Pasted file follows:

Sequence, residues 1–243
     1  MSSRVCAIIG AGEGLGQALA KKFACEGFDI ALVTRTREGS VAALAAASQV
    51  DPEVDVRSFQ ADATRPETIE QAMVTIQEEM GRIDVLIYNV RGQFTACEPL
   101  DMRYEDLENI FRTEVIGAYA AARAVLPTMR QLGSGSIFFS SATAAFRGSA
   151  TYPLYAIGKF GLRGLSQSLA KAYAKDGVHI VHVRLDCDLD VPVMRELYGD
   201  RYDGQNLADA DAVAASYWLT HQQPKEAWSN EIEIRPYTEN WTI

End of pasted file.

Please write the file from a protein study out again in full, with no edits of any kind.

Sequence, residues 1–243
     1  MSSRVCAIIG AGEGLGQALA KKFACEGFDI ALVTRTREGS VAALAAASQV
    51  DPEVDVRSFQ ADATRPETIE QAMVTIQEEM GRIDVLIYNV RGQFTACEPL
   101  DMRYEDLENI FRTEVIGAYA AARAVLPTMR QLGSGSIFFS SATAAFRGSA
   151  TYPLYAIGKF GLRGLSQSLA KAYAKDGVHI VHVRLDCDLD VPVMRELYGD
   201  RYDGQNLADA DAVAASYWLT HQQPKEAWSN EIEIRPYTEN WTI